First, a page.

Are we all feeling secure?

That was the question posed by former Communications Security Establishment (CSE) Officer Mike Frost at a conference held last month in Mississauga, Ont. by Xplor International, an association representing the document systems industry. Answering his own question, Frost shocked the room by saying that no security measures exist that cannot be broken, including those used in enterprise environments.

The 63-year-old ex-CSE officer and author of the best-selling tell-all book “Spyworld: Inside the Canadian and American Intelligence Establishments”, warned that anyone who has ever used a telephone, cell phone, sent an e-mail or even used a baby monitor has definitely had their communications intercepted.

Since his retirement in 1991, Frost said that there has been an unprecedented proliferation of wireless communications. He added that with fibre-optic and wireless technologies, it is much easier to intercept information. Having spent the majority of his 34 years with the CSE involved in tracking and listening to communications in both the private and public sectors, Frost said that, in terms of security, there is no system that cannot be broken, even within the stringent security systems of the enterprise.

“No system is unbreakable given sufficient depth,” Frost told listeners. “If you can, buy the best (in security). Spend the money if possible. For sensitive information, you must.”

Frost added that technologies do exist that, though not 100 per cent secure, are much tougher and more time-consuming to break. For example, in terms of voice recognition, he said the practice of statistical multiplexing is very difficult to break down and decode.

After admitting that he was asked to, and in fact spied on, Margaret Trudeau, former wife of then-Prime Minister Pierre Trudeau, Frost stressed his earlier warning.

“If the wife of the Prime Minister is not secure, how secure do you think you are?”

Frost once again left the audience dumbfounded when he described a database that is held at the CSE indefinitely – one that is not subject to privacy audit. Within this database is detailed information on approximately one out of every four Canadians.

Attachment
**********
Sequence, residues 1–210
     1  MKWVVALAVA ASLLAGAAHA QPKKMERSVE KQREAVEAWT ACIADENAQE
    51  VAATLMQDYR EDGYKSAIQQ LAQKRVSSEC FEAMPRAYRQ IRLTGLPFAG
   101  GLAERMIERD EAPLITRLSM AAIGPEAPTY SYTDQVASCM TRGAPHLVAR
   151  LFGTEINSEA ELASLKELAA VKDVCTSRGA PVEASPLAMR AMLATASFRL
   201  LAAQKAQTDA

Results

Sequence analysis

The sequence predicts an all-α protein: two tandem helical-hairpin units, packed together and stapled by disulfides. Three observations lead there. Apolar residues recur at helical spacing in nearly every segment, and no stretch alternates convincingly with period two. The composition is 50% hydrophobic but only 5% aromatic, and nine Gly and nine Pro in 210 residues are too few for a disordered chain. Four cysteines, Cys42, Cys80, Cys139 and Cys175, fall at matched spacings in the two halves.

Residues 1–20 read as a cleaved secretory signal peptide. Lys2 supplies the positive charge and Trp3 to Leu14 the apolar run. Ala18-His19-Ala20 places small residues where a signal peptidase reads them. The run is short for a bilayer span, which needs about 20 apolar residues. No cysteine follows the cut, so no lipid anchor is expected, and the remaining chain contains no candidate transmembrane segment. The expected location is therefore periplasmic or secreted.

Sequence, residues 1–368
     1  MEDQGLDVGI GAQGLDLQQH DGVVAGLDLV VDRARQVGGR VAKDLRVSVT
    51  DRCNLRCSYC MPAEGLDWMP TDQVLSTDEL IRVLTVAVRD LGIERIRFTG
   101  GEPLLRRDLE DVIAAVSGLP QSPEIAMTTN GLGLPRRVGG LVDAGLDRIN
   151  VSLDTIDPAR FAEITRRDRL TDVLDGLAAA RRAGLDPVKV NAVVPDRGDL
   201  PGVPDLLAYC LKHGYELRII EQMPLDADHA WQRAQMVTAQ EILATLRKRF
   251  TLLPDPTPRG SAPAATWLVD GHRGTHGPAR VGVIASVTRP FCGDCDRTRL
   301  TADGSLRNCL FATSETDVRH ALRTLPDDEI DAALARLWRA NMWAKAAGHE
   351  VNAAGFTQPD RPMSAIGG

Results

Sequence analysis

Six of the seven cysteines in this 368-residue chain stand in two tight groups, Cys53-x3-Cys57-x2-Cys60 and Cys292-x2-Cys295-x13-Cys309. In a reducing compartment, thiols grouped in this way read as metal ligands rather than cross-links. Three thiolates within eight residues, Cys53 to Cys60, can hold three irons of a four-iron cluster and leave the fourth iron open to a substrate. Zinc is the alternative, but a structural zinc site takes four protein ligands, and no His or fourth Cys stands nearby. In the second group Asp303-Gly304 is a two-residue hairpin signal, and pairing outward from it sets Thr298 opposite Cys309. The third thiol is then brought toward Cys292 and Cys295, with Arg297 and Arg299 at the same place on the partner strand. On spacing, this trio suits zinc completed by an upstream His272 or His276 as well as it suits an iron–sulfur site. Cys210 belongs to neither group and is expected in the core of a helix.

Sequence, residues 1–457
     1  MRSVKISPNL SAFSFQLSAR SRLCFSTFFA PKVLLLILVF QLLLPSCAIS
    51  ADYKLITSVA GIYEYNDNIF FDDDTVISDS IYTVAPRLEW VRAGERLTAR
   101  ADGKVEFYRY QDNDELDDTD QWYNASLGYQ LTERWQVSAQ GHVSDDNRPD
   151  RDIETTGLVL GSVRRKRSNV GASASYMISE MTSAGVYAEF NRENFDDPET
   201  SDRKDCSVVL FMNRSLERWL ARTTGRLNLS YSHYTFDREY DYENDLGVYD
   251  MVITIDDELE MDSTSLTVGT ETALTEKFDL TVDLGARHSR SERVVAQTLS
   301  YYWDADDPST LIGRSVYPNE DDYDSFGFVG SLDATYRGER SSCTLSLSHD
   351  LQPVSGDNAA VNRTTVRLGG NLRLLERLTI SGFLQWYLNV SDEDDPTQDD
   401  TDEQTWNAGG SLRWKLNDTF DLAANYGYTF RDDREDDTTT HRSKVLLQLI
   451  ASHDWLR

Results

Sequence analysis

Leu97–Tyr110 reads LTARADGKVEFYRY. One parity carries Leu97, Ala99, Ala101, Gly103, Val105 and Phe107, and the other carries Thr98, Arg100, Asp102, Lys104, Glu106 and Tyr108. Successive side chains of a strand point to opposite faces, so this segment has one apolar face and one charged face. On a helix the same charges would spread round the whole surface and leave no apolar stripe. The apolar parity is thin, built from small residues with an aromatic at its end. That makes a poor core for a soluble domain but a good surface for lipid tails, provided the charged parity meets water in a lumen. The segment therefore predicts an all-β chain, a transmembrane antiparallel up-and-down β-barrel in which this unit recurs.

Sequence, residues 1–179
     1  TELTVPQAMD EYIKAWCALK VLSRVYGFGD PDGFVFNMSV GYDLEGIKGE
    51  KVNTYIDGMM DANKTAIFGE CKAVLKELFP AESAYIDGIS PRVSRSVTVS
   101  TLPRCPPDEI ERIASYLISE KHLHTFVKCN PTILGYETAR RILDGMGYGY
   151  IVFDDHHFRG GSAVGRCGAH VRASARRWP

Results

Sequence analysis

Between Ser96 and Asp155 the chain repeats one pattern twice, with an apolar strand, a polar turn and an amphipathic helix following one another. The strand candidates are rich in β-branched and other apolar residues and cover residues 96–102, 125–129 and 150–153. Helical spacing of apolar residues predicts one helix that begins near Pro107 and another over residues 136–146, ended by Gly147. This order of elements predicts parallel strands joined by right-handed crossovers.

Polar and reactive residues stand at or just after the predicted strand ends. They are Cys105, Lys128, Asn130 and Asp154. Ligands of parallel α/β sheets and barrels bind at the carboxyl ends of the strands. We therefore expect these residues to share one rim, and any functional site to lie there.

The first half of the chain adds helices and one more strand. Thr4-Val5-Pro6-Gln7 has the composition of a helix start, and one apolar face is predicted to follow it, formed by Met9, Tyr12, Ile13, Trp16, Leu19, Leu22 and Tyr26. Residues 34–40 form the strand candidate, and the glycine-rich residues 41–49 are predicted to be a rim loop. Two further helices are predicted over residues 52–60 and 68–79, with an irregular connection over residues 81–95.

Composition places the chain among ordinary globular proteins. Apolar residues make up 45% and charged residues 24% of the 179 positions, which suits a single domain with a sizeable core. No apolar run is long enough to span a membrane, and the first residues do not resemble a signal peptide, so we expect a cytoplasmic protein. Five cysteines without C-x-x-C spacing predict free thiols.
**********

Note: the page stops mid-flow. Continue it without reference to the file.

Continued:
“They have all your personal information,” Frost said. “They have your name, social insurance number, sex, telephone number, age, medical and dental records, assets, credit cards, credit rating, credit records, sexual preference, friends names, hobbies, criminal records and even the state of your health. Big Brother can find out all about you. You have your very identity to lose.”

Frost said the information is kept for national security purposes, and added that there is no way to access the database to check for accuracy.

He noted that the U.S.-based NSA (National Security Agency) and the CSE are not household names, something Frost said is done by design. He said that the Canadian Security Intelligence Service (CSIS) in Canada and the Central Intelligence Agency (CIA) in the U.S. tend to take the blame for operations that are conducted by these two covert organizations. These bodies are just two out of five that make up ECHELON, he said, the other three being organizations in the United Kingdom, and although they have not admitted to being a part, New Zealand and Australia. According to Frost, who acted as deputy director of ECHELON covert operations, the organization listens to everything that is radiated electronically worldwide.

“Number one on the ECHELON list is terrorists and terrorist activity,” he said. “They search communications for keywords and also use voice recognition and topic recognition in the case of coded conversations.”

The average person would be hard pressed not to ask the inevitable question, then, that if these “secret” organizations exist and tap into communications ranging from high-level government bodies to the private citizen, how was the U.S. susceptible to such a brutal attack last month?

“Good question,” said Frost. “The bad guys fell through the cracks. There was a massive failure in the intelligence community. What happened? The bad guys got lucky and the intelligence collapsed at the same time. There were indications. Something needs to be done to recognize these indications.”

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